High-throughput sequencing:The template-positive ISPs and control Ion Spheres (internal quality controls) were mixed with the annealing buffer and precipitated by centrifugation. The sequencing primer annealed to the ISPs by incubation for two minutes each at 95 and 37°C and mixed with the sequencing DNA polymerase from Ion sequencing 200 Kit (Life Technologies). The reaction was incubated at room temperature for five minutes and loaded onto the 316 Ion Chip (Life Technologies) which in turn was loaded on to the pre-initialized Ion Torrent Personal Genome Machine (Applied Biosystems) for sequencing.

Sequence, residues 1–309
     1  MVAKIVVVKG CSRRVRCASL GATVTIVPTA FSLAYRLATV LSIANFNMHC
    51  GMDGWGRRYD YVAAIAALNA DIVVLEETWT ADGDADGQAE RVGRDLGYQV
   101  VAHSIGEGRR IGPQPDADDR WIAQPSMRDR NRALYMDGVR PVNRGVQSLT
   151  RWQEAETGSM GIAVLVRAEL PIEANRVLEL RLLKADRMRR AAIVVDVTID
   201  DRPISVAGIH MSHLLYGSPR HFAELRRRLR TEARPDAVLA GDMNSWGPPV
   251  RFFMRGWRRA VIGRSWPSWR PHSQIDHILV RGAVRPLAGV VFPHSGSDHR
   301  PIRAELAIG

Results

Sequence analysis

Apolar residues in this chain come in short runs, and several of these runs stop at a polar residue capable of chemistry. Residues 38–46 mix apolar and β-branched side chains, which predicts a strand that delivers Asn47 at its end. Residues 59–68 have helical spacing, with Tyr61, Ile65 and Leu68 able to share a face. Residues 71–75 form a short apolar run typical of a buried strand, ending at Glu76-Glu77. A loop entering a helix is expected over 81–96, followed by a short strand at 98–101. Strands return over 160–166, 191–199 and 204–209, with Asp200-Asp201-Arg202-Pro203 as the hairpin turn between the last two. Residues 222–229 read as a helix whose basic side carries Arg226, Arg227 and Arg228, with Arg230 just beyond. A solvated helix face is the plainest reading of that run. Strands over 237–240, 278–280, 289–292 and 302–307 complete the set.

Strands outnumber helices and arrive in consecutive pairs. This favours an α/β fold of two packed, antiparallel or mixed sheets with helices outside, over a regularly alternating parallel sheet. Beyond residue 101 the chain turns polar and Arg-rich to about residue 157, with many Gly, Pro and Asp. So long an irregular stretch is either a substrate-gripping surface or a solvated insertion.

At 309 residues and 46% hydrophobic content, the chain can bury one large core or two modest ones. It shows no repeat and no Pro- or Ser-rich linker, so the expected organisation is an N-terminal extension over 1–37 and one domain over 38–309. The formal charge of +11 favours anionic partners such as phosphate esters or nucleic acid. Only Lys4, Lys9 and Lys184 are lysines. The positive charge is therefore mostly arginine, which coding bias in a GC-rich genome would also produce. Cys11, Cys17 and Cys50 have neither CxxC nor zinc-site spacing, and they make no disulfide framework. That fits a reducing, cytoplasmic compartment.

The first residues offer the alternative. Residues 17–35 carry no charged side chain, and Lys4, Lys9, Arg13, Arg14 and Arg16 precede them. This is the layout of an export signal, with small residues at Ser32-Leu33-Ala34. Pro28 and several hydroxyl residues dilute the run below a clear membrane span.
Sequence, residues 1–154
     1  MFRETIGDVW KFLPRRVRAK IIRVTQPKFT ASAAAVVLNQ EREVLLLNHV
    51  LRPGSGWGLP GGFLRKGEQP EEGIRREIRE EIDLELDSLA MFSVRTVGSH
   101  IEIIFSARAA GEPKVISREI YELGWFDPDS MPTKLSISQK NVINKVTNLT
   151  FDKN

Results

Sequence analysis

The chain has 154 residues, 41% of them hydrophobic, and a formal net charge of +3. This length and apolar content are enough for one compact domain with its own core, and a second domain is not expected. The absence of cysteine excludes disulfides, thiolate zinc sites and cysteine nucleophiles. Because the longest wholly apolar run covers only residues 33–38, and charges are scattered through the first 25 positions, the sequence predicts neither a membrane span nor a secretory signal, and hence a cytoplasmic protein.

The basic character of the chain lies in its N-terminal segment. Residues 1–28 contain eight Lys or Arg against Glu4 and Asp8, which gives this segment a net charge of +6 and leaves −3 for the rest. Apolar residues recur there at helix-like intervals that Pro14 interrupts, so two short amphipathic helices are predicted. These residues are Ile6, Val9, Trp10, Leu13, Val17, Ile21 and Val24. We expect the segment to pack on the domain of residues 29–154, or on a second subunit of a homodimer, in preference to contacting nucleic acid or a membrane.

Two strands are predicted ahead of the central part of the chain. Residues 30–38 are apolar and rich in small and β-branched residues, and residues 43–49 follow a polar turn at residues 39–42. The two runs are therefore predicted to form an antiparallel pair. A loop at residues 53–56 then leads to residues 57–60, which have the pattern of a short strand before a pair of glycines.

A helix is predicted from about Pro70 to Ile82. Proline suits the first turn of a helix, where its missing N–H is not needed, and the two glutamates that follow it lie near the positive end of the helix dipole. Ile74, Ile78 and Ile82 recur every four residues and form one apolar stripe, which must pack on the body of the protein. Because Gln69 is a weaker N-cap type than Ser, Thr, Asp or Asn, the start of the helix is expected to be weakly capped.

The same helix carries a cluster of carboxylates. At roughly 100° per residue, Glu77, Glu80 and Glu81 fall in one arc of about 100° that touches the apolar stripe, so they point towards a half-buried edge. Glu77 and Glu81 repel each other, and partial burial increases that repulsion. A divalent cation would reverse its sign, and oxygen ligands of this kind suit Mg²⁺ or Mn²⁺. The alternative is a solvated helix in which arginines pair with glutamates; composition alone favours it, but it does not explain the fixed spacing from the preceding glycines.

Bioinformatics pipeline for NGS data analysis: Sequence data obtained from DNA prepared from cell culture-grown HSV-1 were transferred to the Torrent Server for analysis. Raw signals from each well of the ion chip containing a single template-positive ISP were converted into a base call for each flow of nucleotides to produce nucleotide sequence reads in the SFF and FASTQ file formats. Pre-processing of the data including removal of adapters and low quality reads and trimming of the 3' ends, etc., were performed using the Ion Torrent Software Suite. Primary alignment of the sequence reads generated from each ISP was achieved through the Torrent Mapping Alignment Program (TMAP-V4.0) available on Torrent Server. Mimicking Intelligent Read Assembly (MIRA-V4.0) software (http://www.chevreux.org/) was used for mapping, and de novo assembly of the reads that uses algorithms to find overlapping information between reads, leading to the generation of large sequence blocks of continuous sequence (contigs). BLAST search of individual contigs was performed to identify the query sequence from the NCBI database (ftp://ftp.ncbi.nih.gov/blast/db/). The reference sequence was selected on the basis of identity of multiple contigs through BLAST search uploaded on the Torrent Software Suit (V4.0), and the data were realigned to the reference sequence to define the coverage of sequence generated during the run. Confirmatory analysis of the sequence data was performed on SeqMan NextGen software of DNASTAR (Lasergene Genomics Suit, Madison, USA) by reference-guided assembly of the contigs. This software uses distance information from the paired-read sequences (library sizes) to link short contigs into larger scaffolds. Alignment of all contigs with the reference sequence to define the coverage was visualized in the Integrative Genome Viewer (IGV-2.3) software (http://www.broadinstitute.org/igv/). Sequence data containing a large number of sequences were curated and were mapped against the different genome data sets corresponding to eukaryotic, human (GRch37/hg19), 2352 bacterial and 3735 viral genomes available in NCBI database. The genomes that mapped to the maximum number of reads post-alignment were further reanalyzed to generate the sequence data.